Army to fund research on memory pill that may help PTSD victims
ARLINGTON, Va. — The Army has agreed to fund research to see if a drug used to treat high blood pressure might be able to lessen the emotional impact of memories associated with post-traumatic stress disorder.
CBS’ “60 Minutes” first reported Nov. 26 that the Army was looking at whether the drug Propranolol could be used to treat PTSD.
Researchers hope to recruit several dozen veterans who served in Iraq and Afghanistan from the greater Boston area for the study, said psychologist Dr. Scott P. Orr, who will help conduct the research.
The study will look at whether Propranolol can reduce veterans’ emotional responses to certain memories by cutting down on the accompanying surge of adrenaline, said Orr, who works at the Department of Veterans Affairs Medical Center in Manchester, N.H.
In initial tests, people given the drug were observed to have reduced physiological responses, such as heart rates, to certain memories, said Orr, who is also part of the department of psychiatry at Harvard Medical School and Massachusetts General Hospital.
Orr stressed that the drug would not erase veterans’ memories. “It isn’t that the memory’s being changed — the memory is still there,” he said. “It’s that the emotional response that is attached to the memory is being reduced.”
But Dr. Judith Broder, a Los Angeles-based psychiatrist who is the founder of a nonprofit organization that provides free mental health services to veterans, said she has some reservations.
“I worry about several things,” Broder said in a Friday e-mail to Stars and Stripes. “First, I believe our soldiers often feel dehumanized by their time in the service. To then ‘treat’ them with a drug that potentially ‘numbs’ them, may further alienate them.”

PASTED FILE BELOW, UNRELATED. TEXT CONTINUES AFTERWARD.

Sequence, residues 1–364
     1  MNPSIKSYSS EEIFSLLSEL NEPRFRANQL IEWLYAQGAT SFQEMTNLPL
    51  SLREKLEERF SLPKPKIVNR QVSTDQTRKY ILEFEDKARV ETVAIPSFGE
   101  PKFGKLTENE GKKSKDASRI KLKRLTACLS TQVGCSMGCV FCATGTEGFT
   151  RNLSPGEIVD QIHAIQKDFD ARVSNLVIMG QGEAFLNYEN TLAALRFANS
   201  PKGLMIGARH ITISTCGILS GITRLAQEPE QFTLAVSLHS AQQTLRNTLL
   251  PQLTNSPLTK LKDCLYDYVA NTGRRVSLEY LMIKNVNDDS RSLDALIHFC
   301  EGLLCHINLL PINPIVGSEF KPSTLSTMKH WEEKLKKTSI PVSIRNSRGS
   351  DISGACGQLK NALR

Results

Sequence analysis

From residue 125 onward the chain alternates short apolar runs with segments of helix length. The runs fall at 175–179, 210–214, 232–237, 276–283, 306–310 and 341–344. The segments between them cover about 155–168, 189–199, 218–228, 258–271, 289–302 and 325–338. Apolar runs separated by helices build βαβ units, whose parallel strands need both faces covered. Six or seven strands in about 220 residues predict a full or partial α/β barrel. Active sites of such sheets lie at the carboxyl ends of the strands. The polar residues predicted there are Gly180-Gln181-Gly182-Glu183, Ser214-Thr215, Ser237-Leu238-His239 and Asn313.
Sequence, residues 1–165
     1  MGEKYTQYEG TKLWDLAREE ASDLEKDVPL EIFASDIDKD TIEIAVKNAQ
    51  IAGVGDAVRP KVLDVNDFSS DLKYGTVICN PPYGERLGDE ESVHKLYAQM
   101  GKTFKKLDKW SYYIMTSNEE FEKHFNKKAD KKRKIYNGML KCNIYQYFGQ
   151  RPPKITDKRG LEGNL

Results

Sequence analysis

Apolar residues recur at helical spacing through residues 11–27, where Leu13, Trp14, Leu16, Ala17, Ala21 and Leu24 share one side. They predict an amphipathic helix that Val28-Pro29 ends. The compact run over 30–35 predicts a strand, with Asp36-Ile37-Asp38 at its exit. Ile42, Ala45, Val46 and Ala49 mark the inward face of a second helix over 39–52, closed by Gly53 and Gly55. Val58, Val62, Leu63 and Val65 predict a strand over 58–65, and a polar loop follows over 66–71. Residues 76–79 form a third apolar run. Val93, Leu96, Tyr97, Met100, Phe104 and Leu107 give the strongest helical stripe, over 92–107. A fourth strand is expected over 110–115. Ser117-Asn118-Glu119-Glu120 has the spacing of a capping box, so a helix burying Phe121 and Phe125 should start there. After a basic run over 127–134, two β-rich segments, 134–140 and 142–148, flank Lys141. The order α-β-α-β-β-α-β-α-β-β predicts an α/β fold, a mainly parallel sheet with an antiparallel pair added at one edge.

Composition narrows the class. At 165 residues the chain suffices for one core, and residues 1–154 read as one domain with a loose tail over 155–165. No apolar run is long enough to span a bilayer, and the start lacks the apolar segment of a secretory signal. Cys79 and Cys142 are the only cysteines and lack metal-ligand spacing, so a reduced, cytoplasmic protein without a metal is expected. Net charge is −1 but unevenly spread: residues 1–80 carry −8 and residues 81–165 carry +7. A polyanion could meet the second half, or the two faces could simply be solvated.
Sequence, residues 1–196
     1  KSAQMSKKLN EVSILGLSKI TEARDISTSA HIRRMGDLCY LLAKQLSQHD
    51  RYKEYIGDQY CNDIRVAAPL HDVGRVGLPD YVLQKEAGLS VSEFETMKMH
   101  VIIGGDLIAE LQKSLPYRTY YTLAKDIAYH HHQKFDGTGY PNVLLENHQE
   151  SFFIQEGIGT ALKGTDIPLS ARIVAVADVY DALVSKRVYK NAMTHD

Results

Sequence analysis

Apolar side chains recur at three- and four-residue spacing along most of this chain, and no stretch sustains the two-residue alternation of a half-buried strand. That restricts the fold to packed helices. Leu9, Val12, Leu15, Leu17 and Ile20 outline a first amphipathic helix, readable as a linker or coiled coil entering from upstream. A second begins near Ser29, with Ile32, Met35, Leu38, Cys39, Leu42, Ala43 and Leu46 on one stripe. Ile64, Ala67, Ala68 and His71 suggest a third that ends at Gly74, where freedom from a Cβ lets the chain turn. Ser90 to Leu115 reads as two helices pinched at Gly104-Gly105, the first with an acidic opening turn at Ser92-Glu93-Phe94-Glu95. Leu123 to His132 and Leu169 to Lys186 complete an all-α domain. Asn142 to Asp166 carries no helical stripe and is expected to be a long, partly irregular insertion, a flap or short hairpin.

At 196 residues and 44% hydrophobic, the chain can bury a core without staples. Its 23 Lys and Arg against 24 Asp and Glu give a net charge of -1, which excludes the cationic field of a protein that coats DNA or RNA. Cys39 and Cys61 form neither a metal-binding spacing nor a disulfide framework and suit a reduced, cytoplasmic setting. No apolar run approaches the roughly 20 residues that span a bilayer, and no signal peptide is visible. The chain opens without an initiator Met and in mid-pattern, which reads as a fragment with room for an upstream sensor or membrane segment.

She also said she fears that the VA, underfunded and facing an increasing number of veterans returning with PTSD, might resort to “cost-effective” solutions, such as giving veterans with PTSD a pill rather than the therapy they need.
“Another issue of concern is that of ‘informed consent,’” she said. “Soldiers are used to following orders. These soldiers are now suffering from a disorder and of course want relief from their suffering. Is it really possible to give informed consent to an experimental procedure under these conditions?”
Orr said in response that the research is not intended to see if Propranolol can produce “emotional numbing.”
“If anything, what it does is it reduces the intensity of the emotion such that the emotional reaction may become more manageable for the person,” he said.
“It is not a replacement for psychotherapy — rather, it becomes an adjunct; it becomes a useful tool for psychotherapy,” Orr said.
As for the issue of informed consent, Orr said researchers “generally bend over backwards” to give people participating in research all the information they need on the potential risks and benefits they would face.
Orr said the upcoming research will be headed by one of his colleagues, Dr. Roger Pittman at Harvard University.
The Army and Pittman are still negotiating how much his grant will be and how the study will unfold, said Chuck Dasey, a spokesman for Army Medical Research and Materiel Command at Fort Detrick, Md. Pittman could be awarded up to $625,000 a year for four years to conduct the research, Dasey said.